Let Your Children Teach You

This blog is written by Lee Gale Gruen to help Baby Boomers, seniors, and those facing retirement find joy, excitement, and satisfaction in life after they retire. Her public lecture on this subject is titled, “Reinventing Yourself in Your Retirement.” Her memoir, Adventures with Dad: A Father and Daughter’s Journey Through a Senior Acting Class, is available by clicking on this link: Amazon.com. Click here for her website: AdventuresWithDadTheBook.com

Now, on to my blog:

Father & Son on Tandem Bike

I often get advice from my son who is an adult with children of his own.  He’s bright, and I learn from him. He enjoys counseling me and I enjoy our interaction.

No matter how old your children get to be, it’s hard for a parent to switch from the teaching mode into the learning mode.  I’ve heard parents say to their adult children something along the lines of “Don’t tell me; I’m your father (or mother).” What does that have to do with hearing sound advice?

I suspect that what’s really going on is a power struggle. The parent doesn’t want to admit that their child may surpass them in any way. It’s also a sign of aging which so many distain–passing the baton when a child is old enough to be the adviser to a parent. But the flip side is that it allows the aging parent to have an adult-to-adult relationship with their child. This scenario can be extrapolated to any relationship between an aging person and a much younger person whether it be an aunt/uncle relationship with a niece/nephew, a boss-employee relationship regardless of which person is in which role, etc.

What a wonderful gift to receive at this stage of life. Embrace it! Be grateful for it! Don’t push it away just because your ego becomes a little bruised or you don’t want to give up being the pack leader.

It’s also a wonderful gift to your child. It lets him/her know that you admire them and have confidence in them when you listen to and/or accept their counsel. What an empowering experience for a child to know how much they’ve succeeded in their parent’s eyes. What a boost to their self-confidence. That’s probably one of the things they crave the most.

Remember to thank them. Remember to verbalize how proud of them you are. Too many parents forget to do so. Be aware of the gift you are giving each other. Not all parents get such a reward in the later stage of their lives.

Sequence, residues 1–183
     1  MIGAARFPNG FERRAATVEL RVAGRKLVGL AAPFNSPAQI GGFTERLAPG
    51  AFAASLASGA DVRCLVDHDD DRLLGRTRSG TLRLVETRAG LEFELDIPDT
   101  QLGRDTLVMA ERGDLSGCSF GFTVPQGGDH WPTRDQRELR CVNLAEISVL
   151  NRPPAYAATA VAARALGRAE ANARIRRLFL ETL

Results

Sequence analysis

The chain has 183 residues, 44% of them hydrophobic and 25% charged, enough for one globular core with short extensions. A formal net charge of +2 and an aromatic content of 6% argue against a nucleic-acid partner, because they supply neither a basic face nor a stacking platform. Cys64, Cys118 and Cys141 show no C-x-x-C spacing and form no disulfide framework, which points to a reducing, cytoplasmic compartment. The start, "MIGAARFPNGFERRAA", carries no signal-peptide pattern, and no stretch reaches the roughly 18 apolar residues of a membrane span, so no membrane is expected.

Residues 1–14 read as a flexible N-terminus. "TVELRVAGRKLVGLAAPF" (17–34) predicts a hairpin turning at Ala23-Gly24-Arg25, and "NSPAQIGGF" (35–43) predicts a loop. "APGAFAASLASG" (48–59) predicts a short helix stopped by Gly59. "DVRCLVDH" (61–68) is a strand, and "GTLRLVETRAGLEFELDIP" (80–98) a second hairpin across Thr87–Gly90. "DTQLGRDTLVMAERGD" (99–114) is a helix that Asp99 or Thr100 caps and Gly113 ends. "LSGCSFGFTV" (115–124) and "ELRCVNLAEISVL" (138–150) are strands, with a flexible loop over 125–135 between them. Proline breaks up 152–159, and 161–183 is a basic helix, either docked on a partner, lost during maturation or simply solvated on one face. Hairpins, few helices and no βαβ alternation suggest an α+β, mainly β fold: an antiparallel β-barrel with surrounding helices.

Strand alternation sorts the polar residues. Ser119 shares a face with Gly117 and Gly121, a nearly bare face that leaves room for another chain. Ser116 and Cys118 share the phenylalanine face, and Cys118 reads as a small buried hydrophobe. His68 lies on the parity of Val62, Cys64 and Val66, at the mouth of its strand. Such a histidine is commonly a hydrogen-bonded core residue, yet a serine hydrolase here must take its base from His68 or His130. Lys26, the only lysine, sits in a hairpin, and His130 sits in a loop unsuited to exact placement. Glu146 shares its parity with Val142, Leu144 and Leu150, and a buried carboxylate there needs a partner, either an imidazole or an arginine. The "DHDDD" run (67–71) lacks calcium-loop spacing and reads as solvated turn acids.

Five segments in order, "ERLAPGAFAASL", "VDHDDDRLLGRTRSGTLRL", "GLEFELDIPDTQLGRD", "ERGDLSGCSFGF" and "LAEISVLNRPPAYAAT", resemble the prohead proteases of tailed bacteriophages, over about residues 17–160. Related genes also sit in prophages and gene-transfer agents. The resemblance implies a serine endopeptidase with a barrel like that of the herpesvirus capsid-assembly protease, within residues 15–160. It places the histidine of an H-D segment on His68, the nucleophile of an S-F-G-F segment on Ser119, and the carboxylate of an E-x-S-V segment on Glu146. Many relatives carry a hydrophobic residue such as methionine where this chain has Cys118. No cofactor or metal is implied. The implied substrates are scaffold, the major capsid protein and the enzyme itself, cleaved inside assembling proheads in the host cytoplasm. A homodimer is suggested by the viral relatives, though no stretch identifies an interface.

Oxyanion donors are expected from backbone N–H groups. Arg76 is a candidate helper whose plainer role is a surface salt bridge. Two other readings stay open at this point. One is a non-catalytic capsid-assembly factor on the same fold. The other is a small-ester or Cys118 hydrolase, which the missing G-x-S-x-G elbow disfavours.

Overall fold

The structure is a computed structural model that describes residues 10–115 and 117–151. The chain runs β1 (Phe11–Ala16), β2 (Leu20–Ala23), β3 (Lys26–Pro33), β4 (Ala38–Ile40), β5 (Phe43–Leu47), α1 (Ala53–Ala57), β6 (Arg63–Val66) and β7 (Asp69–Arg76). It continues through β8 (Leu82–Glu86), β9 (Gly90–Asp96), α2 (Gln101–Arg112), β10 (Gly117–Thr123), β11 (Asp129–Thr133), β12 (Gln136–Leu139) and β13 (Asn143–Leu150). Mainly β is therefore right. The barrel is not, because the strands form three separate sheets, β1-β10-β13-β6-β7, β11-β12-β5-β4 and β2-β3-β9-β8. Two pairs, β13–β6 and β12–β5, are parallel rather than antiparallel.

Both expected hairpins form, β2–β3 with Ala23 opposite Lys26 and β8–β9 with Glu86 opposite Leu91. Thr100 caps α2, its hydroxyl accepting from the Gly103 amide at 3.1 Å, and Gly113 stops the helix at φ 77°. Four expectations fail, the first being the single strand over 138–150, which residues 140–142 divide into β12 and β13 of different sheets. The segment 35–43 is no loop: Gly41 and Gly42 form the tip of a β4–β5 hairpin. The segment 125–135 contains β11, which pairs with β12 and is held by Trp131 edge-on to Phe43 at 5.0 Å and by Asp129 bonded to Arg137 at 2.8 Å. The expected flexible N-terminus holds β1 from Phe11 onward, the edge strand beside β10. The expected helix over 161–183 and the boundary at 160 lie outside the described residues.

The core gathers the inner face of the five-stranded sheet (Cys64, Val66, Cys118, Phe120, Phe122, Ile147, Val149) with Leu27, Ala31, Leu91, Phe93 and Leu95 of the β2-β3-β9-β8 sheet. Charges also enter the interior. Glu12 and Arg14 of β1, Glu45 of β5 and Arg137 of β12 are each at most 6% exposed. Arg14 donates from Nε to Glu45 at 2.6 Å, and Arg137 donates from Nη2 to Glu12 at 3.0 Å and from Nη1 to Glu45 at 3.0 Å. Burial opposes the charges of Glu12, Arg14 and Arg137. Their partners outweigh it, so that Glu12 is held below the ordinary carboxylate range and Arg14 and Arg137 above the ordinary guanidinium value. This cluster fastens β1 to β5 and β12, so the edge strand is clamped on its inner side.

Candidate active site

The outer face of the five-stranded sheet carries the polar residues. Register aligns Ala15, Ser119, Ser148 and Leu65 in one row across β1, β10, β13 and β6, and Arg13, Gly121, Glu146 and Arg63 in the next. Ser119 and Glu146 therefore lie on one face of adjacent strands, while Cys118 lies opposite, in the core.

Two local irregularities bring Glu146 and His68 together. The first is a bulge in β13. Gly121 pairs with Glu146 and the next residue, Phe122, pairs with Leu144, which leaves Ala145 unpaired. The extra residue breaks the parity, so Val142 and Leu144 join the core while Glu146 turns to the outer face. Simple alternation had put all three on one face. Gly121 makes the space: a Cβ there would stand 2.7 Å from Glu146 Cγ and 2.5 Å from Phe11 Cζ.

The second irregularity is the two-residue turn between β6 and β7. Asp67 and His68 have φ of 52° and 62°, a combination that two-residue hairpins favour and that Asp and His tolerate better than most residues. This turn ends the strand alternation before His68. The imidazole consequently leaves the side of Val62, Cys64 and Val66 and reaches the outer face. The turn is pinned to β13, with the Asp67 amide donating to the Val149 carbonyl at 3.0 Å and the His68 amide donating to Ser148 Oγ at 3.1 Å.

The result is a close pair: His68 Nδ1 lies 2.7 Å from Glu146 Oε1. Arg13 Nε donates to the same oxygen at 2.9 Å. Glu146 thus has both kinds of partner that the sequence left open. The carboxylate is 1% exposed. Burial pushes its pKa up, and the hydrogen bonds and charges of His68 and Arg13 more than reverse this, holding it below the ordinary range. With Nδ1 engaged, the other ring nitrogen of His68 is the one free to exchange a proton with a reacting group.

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6 Comments

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6 responses to “Let Your Children Teach You

  1. Sheila Sauber

    Good one! Just sent it to a friend back east with A note to read it. I think her daughter doesn’t speak to her because she doesn’t want her help or opinions….wants to run her life her way. My very capable friend needs to respect that her daughter Can plan a Bar Mizvah without mom taking over! We offer advice because we’ve lived longer, but they Really don’t need us, Saw a new Prius commercial. What happened to YourS which I thought was so good? Are you due Any more money from showings I missed? Sheila

    Sent from my iPhone

    >

  2. The only thing I know regarding the Toyota Prius commercial I was in is that it got over 1,600,000 hits on YouTube. I don’t know if that’s all they plan on showing it, or if they’ll show it on regular TV stations, too. Since receiving the initial base pay, I haven’t received any residuals
    . We’ll see if I do.

  3. I hope u get some residuals, LGG. After that many hits, u deserve some. I really liked this blog! I’ve always wanted my children to exceed my accomplishments. That’s how familial progress is shown. I wrote a song about it called “Pass the Baton”. The chorus is:

    I’m going to take my place.

    I’m going to run the race.

    I’m going to carry on.

    I’m going to pass the baton,

    Pass it on.

    Rog

  4. Ruth Phillips

    Lee Gale….I don’t agree with you in allowing my children to treat me like a person that doesn’t have the wisdom of age to voice my opinions. Two of my three children invite my opinions and respect them. However, my eldest, a daughter, often dismisses my ideas and gives me the feeling that I am too old to understand the way the world is today,.and that with all my successful background in business, achievements and marriage, that it is the time for me to be old…to be helped down the steps….to rock on a rocking chair…to wait patiently in G-d’s waiting room. I welcome their advice if I ask for it…and only ask for her to respect my opinions and discuss on equal terms our differences. I am not dead until I die!!! Ruth S.

    • In the scenario you described, I agree with you. Being willing to listen to counsel from our children does not mean abdicating our own self-worth or value. No adult-to-adult relationship involves one judging the other and finding them lacking. Mutual respect for each other’s opinions, abilities, etc. is imperative.

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